500 kms/310 mls North West of Rarotonga
Access: Very difficult. Occasional boats from Rarotonga
Population: 58 2.1 sq.kms/0.8 sq. mls
Although part of the Cook Islands, Palmerston is owned by the descendants of 19th century Englishman, William Marsters. It's the only island on which Captain Cook ever set foot himself. He discovered it on his second voyage in June, 1774, but it wasn't until Sunday, April 13, 1777, during his third Pacific voyage, that he went ashore. He and his crew took on board supplies of "scurvy grass, palm cabbages, birds, fish and cocoanuts etc" , but they didn't find any fresh water. He landed on a tiny coral atoll which (according to "A Gazeteer of Central Polynesia" published in 1857) was not more than three feet above sea level but had numerous trees and bushes on it and the remnants of a canoe. Cook named the tiny and remote island after Lord Palmerston who was First Lord of the British Admiralty and father of a future British Prime Minister. The ancient name was supposedly Avarau, meaning 200 harbours.
Acccording to 19th century British missionary, the Rev William Wyatt Gill, the Bounty mutineers also touched on Palmerston but decided it was not quite what they were looking for
With no airstrip and no regular boat service, it's not easy. Ask at the harbour master's office on Rarotonga about any planned sailings or to see if any private yachts are heading that way. It's typically a two or three day journey by sea in often difficult conditions
Palmerston is an atoll made up from the summit of an old volcano which rises 4,000 metres (13,123 feet) from the ocean floor. At its highest point, it's just 4 metres (13 feet) above sea level. The land near the reef is infertile, but there are typical atoll tree crops of coconut and pandamus. The island is a major nesting site for the green turtle and rare seabirds.
Daily life on Palmerston has a rhythm of its own and includes daily church services. Although (or because) the population is so small, everything is carefully organised, nothing is ever thrown away if it's likley to come in useful one day and everywhere is immaculately tidy.
The island is so remote, it wasn't even properly located on maps until 1969! Up and till then, its position was based on Captain Cook's original charts which showed it 10 miles away from where navigation satellites have now confirmed it really is. Around the reef are six groups of islets, the largest being Palmerston. The others are North Island, Lee To Us, Leicester, Primrose, Toms and Cooks. Leicester is thought to have been named after the English county where founding father, William Marsters grew up.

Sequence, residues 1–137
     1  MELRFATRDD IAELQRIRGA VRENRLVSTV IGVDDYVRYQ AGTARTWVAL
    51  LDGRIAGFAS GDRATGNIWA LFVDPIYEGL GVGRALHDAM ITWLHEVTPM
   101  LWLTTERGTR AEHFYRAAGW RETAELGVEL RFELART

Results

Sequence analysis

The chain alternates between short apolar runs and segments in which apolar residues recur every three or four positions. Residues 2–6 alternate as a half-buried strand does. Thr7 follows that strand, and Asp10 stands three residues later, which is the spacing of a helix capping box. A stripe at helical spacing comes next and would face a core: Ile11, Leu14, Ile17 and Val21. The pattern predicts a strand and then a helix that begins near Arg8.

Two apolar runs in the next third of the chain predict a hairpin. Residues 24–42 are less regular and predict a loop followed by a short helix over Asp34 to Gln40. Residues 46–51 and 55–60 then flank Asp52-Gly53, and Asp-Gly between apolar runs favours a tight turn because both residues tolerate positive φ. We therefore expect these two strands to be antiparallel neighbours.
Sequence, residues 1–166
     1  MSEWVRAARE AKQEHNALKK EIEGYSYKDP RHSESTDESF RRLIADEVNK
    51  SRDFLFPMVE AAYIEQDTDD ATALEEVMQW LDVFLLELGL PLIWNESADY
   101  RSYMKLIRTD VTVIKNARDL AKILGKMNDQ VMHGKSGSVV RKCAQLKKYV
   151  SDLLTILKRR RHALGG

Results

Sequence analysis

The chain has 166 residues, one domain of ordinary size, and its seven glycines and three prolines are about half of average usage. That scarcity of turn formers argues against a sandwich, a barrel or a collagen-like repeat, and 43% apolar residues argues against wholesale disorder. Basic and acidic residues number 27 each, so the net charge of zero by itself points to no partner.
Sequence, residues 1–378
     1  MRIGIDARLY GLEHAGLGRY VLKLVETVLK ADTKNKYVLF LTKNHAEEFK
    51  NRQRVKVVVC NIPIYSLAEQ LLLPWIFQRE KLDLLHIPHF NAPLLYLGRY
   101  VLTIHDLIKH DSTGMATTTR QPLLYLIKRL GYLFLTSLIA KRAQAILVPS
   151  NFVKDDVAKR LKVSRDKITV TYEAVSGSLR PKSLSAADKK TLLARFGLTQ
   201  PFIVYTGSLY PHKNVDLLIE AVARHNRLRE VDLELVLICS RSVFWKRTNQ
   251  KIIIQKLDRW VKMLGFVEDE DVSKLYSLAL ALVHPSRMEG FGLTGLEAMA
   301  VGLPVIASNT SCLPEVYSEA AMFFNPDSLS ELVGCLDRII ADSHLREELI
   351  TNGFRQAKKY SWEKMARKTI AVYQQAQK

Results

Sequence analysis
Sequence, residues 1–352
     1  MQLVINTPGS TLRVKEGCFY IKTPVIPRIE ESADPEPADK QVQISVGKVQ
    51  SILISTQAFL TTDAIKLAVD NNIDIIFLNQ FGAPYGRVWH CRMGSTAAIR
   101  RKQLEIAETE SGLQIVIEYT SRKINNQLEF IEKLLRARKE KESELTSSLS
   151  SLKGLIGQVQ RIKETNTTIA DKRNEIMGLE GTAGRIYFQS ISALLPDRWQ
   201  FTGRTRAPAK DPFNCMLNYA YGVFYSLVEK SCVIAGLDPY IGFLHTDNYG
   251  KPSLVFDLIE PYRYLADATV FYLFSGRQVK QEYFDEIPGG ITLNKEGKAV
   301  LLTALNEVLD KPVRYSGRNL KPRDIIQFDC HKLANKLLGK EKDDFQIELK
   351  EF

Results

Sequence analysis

Cargo ships visit with supplies only a few times a year, so visiting yachts help supplement the island's needs. The big dish may look out of place but it provides the only permanent link with the outside world. The internet has also reached this remote atoll...access is available four hours a day.
Palmerston as seen from the space shuttle
Photo: NAS A
A link to the outside world
All the islanders are descended from one Englishman, William Marsters - described by some as a labourer and others as a carpenter and barrel maker - who arrived from Manuae on 8th July, 1863. Contemporary reports say he was accompanied by three Polynesian women, at least one of whom he had married.
He subsequently ended up with four wives, although it's not clear whether he married more than one. And that was after deserting his first wife and two children in England. Masters had 17 children by his Polynesian wives and 54 grandchildren before he died on 22nd May, 1899, aged 78
Another Marsters legacy is the unique accent with which Palmerston islanders speak
By the time William's youngest daughter, Mrs Titana Tangi died in 1973, there were over one thousand Ma(r)sters living in Rarotonga or New Zealand. Fewer than 60 remain on Palmerston...but wherever they live, they all consider it their homeland
William Marsters built his own home on Palmerston from shipwreck timbers and driftwood found on the shores at the time of his landing. And it's still standing after more than 150 years...only the corrugated roof is recent and the the original is still underneath. The fourth photo shows how big and sturdy the timbers are, and still how perfect. Today, the building is used as a storeroom and cyclone shelter
William Marsters was converted to Christianity by the 19th century English missionary, the Rev. John Williams, who persuaded him to build the first church
Islanders dress up in their finest clothes for services held daily and several times on Sundays. Today's church is a more recent replacement for the original
Much of daily life revolves around the sea. For generations, islanders have been expert fishermen
Parrot fish are the island's main cash crop. They're dried or frozen and shipped to Rarotonga. The local diet is supplemented by baby Bosun birds and coconuts.
FIND OUT MORE ABOUT DAILY LIFE ON THIS REMOTE ATOLL. READ A RARE AND FASCINATING INSIGHT BY CLICKING HERE